Recommendation Editor's Foreword Contents Chapter 1
Covenant of GRACE:
The gradual breakings out of Gospel-grace
from Adam to Christ are clearly discovered,
the differences betwixt the old and new Testament are
laid open, divers errors of Arminians and others are
confuted; the nature of Uprightness, and the way
of Christ in bringing the soul into Communion
Together with many other Points, both doctrinally and
practically profitable, are solidly handled.
By that faithful servant of Jesus Christ, and Minister
of the Gospel, JOHN BALL.
Published by SIMEON ASH.
I the Lord have called thee in righteousness, and will hold thine hand, and will
keep thee, and give thee for a Covenant of the people, for a light of the Gentiles.
But ye are come unto mount Sion and unto the city of the living God, the heavenly
Jerusalem, and to Jesus the Mediator of the new Covenant, and to the blood of
sprinkling, that speaketh better things than that of Abel. Heb. 12. 22, 24.
The secret of the Lord is with them that fear him, and he will show them his
Covenant. Psalm 25.14.
L O N D O N,
Printed by G. Miller for Edward Brewster on Ludgate hill near
Fleet-bridge at the Sign of the Bible. 1645.
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To the Christian Reader.
We do not conceive it necessary, to give credit unto the ensuing Treatise by our Testimony, seeing the learned, and holy works of the Reverend Author do abundantly praise him in the gate. His Catechism, with the exposition thereof; his Treatise of the life of Faith, together with other Books more lately published, tending to reconcile the differences of these times, do sufficiently witness to the world, both his great abilities and Piety. And if God had been pleased to lengthen his life, we believe, he might have been very servicable, in seeking to reconcile our present sad differences about Church-Government, because (as we understand) he had thoroughly studied all those Controversies. But seeing the Lord hath deprived us of his help in that kind, we are right glad, that the Church shall have the benefit of any labours, which he hath left for public use, and in special of this subject (the Covenant of Grace) so needful and profitable. And that acquaintance which we had with this faithful servant of Jesus Christ, doth incline us with all willingness, to give our approbation of this piece, although our manifold employments have not suffered us to peruse it, so exactly, as otherwise we should have done.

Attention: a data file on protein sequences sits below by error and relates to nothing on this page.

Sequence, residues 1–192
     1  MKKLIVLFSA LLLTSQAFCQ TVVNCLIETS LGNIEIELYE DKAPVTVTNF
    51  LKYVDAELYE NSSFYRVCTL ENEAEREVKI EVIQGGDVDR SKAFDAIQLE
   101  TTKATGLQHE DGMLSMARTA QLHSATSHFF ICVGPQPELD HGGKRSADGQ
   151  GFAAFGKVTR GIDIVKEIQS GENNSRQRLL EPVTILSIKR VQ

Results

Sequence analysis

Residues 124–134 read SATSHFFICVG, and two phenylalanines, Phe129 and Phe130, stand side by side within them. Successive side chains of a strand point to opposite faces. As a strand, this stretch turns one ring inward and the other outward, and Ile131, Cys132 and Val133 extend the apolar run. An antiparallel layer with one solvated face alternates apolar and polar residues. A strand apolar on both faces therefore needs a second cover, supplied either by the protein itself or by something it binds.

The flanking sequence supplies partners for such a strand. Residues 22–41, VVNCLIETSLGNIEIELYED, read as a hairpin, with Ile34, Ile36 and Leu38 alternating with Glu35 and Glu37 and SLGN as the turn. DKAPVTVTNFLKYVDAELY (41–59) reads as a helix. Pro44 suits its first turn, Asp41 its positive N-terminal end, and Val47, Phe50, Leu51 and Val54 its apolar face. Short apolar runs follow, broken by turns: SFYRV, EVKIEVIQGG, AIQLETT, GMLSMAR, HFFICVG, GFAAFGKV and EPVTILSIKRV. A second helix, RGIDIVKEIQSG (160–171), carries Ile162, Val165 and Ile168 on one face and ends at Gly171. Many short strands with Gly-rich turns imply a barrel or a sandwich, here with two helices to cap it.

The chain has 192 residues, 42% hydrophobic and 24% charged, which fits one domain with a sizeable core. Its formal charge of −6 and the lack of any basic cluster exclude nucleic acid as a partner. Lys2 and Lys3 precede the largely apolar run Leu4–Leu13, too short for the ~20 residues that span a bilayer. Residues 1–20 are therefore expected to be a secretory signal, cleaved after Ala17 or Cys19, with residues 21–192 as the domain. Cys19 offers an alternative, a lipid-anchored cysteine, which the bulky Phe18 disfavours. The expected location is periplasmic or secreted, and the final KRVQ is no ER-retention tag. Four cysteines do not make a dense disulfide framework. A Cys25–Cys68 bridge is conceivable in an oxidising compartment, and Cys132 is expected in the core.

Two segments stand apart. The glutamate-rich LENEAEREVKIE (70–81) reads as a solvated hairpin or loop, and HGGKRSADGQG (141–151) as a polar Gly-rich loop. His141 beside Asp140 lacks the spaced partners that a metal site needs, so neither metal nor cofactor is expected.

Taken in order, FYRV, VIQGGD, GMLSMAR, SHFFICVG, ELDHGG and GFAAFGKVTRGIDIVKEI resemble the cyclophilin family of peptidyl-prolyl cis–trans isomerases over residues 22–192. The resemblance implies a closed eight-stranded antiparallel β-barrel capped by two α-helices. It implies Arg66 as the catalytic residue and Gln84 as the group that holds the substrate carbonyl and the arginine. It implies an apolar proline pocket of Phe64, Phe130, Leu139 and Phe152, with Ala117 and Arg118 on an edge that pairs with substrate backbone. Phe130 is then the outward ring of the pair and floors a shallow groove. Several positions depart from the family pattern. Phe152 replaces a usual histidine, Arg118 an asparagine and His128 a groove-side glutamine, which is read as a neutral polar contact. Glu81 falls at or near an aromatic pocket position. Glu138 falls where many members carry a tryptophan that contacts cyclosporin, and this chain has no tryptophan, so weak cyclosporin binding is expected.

We shall desire, that by thy faithful improvement hereof, thy knowledge of the federal transactions betwixt God and his people, through Jesus Christ, may be much augmented, unto his honour, and thine everlasting happiness in him, in whom we are,
Thy faithful Friends,
EDWARD REYNOLDS THOMAS HILL
DANIEL CAWDREY ANTHONY BURGESS
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To the reader